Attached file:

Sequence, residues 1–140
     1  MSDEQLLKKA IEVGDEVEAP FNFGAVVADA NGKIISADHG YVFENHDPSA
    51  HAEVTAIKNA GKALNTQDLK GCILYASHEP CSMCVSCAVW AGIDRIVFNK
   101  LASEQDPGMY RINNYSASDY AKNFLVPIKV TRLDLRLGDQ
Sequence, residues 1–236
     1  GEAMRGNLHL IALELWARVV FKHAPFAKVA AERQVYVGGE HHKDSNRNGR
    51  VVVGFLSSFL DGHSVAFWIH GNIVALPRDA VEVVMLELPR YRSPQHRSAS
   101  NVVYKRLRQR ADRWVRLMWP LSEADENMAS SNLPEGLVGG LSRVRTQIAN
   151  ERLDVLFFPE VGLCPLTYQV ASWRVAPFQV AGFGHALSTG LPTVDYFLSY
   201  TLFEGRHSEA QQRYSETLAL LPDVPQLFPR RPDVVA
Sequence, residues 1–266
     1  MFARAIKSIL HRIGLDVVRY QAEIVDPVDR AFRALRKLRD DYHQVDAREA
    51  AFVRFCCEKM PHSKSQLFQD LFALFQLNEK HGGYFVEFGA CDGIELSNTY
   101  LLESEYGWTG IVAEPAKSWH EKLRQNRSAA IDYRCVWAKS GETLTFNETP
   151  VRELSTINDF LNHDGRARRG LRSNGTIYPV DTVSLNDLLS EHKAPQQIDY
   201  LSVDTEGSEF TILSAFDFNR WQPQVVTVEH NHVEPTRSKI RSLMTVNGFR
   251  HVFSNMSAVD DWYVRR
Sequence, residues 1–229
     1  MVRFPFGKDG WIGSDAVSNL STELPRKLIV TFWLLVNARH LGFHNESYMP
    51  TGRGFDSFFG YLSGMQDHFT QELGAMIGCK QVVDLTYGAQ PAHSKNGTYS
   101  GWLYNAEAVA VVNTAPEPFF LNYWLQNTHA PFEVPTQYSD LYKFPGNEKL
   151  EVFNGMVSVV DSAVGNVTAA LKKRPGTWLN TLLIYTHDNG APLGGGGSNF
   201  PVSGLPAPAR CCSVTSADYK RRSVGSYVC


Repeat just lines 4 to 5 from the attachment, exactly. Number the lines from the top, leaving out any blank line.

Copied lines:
   101  LASEQDPGMY RINNYSASDY AKNFLVPIKV TRLDLRLGDQ
Sequence, residues 1–236